Unconventional and witty, this play tells the tale of the most playful of romances. It is Shakespeare's ground-breaking comedy
Celia and Rosalind are two of Shakespeare's most appealing female characters. Their banter is infectious, whether Celia is teasing Rosalind about her love, 'I found him under a tree, like a dropped acorn', or Rosalind provoking Orlando 'like a saucy lackey'. This sparkling comedy, written for the new Globe Theatre, included songs, special effects and parts tailor-made for new actors. For example, is presumed that the company had gained a talented young actor for whom the part of Rosalind was written, for the character is given over one quarter of the play's lines. Roger Armin was the company's new clown and Touchstone his first role, while Shakespeare himself is supposed to have taken the part of Adam.
On the surface, As You Like It is a conventional pastoral romance, with improbable conversions, fallings in love and even the unexpected appearance of the God of Marriage. Yet underneath, the play is more complex – nowhere does Shakespeare push the comic possibilities of cross-dressing to such extremes: a boy dressed as a woman dressed as a man pretending to be a woman. An undercurrent of realism in Audrey and Touchstone's earthy liaison and the sarcastic presence of Jaques undercut pastoral idealism without interfering with the Shakespeare's playful illusions. Then as now, theatre-goers leaving the Globe would notice the sign – Totus mundus agit histrionem – the whole world is a playhouse. Famously, a similar line – ‘All the world’s a stage’ – appears in As You Like It.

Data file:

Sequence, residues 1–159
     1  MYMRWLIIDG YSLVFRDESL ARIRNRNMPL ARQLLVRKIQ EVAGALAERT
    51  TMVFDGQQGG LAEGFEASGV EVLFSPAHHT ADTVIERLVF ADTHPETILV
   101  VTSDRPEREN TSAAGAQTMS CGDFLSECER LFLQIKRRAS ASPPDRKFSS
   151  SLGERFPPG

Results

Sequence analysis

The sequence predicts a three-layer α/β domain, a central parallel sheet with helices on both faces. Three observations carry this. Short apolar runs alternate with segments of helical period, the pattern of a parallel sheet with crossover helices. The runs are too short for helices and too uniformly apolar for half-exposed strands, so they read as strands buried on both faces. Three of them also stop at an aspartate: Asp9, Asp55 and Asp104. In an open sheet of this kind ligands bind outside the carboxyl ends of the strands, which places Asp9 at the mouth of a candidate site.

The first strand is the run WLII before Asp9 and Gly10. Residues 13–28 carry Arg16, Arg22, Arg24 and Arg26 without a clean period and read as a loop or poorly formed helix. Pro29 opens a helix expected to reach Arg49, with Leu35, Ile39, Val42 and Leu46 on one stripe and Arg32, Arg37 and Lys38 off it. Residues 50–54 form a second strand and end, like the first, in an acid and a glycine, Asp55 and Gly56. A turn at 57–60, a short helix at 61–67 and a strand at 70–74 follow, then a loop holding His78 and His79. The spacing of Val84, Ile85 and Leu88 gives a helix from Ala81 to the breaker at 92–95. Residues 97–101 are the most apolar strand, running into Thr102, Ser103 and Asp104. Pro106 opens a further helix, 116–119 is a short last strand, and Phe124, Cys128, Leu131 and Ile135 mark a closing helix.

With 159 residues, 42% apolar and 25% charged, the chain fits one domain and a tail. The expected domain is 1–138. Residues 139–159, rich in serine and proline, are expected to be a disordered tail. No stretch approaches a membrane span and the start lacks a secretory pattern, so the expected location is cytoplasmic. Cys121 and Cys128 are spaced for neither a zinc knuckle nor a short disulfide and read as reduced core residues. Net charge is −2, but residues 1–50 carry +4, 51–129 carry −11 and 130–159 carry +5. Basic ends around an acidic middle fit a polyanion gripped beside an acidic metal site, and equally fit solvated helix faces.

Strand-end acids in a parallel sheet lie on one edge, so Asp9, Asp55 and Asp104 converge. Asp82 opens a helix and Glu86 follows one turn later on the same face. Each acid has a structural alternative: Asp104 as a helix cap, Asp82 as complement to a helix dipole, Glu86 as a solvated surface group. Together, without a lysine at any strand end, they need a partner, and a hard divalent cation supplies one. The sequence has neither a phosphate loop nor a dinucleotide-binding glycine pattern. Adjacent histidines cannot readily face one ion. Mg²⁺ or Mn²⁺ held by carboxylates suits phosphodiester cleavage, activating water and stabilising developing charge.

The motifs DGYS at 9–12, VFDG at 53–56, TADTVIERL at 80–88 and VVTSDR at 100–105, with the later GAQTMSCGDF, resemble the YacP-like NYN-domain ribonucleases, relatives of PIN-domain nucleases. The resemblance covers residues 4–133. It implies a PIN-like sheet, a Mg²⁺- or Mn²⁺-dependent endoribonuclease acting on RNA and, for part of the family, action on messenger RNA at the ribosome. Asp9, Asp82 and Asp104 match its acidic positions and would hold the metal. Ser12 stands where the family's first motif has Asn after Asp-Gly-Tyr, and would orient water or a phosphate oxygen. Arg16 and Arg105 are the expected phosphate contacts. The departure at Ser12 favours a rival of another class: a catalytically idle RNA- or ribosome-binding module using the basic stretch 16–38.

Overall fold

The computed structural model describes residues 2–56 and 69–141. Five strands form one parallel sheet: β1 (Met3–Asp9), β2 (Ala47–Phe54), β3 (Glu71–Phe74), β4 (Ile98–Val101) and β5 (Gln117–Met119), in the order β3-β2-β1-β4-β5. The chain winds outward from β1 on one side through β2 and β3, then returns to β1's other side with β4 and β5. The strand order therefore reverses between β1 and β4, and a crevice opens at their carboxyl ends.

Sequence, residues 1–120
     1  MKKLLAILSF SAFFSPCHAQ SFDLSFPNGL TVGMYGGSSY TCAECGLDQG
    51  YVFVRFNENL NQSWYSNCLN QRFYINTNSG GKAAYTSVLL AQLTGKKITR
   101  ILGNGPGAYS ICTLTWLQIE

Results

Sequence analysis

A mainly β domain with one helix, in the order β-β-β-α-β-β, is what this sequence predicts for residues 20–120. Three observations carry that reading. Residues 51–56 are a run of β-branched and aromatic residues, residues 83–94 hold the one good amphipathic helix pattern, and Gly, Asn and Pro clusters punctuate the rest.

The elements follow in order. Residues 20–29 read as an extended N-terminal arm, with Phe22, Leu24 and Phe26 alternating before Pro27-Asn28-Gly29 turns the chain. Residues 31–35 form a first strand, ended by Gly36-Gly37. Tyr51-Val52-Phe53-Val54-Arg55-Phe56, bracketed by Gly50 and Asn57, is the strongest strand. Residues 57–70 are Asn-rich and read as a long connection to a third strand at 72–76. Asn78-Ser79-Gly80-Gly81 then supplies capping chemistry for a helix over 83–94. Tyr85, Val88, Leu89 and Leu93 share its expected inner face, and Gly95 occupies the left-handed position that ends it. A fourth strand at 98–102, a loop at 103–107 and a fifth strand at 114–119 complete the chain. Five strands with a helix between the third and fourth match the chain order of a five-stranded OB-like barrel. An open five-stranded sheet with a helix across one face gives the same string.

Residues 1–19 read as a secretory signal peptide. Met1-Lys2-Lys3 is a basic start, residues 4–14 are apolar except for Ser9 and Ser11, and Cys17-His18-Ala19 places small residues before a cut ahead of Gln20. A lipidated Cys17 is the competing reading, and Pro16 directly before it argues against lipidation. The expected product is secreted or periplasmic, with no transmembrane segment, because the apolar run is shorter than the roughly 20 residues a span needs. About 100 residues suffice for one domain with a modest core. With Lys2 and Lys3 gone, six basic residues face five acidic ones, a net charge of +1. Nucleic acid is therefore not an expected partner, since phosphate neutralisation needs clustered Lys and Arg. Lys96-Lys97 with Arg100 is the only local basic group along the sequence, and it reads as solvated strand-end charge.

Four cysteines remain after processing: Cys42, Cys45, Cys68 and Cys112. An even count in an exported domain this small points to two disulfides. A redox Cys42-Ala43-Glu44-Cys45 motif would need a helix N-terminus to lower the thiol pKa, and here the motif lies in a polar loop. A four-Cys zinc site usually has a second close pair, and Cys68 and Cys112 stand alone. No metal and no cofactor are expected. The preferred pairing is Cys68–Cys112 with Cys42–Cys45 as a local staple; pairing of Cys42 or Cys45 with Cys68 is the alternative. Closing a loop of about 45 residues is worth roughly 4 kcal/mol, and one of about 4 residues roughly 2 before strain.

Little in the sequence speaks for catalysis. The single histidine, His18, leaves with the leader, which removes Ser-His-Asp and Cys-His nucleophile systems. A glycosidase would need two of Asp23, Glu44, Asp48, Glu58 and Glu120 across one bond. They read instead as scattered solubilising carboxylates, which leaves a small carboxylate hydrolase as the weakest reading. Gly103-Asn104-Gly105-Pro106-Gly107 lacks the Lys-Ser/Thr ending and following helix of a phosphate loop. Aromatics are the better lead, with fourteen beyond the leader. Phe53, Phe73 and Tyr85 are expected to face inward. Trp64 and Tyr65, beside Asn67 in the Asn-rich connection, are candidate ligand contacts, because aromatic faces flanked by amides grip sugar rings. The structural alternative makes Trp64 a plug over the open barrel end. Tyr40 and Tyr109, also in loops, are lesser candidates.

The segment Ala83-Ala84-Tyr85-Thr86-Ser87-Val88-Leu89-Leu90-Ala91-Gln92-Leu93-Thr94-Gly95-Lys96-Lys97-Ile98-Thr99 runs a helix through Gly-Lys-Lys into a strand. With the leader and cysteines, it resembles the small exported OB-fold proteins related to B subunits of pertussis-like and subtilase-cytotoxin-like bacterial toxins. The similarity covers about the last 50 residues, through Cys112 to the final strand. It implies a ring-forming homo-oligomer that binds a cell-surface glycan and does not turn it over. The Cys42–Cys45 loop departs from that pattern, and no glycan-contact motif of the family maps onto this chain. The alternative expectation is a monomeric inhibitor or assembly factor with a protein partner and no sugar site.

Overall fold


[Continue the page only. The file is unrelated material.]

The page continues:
Published by Oxford University Press and bound in hardback buckram by The Folio Society, The Oxford Shakespeare series offers authoritative editions of Shakespeare’s plays. The early printings have been scrupulously re-examined and interpreted by eminent scholars, who also provide introductory essays covering all relevant background information, together with an appraisal of critical views and of the plays in performance. The exhaustive commentaries pay particular attention to language and staging. Reprints of sources, music for songs, genealogical tables and maps are included where necessary; many of the volumes are illustrated, and all contain an index.
Each book has an individual editor, with the whole series overseen by Stanley Wells.
Alan Brissenden is a world-renowned Shakespeare scholar who specialises in the role of dance in Shakespeare’s plays. He studied in Sydney and London before taking up a post at the University of Adelaide. In 1996 Brissenden was made a Member of the Order of Australia (AM) for his services to the arts.
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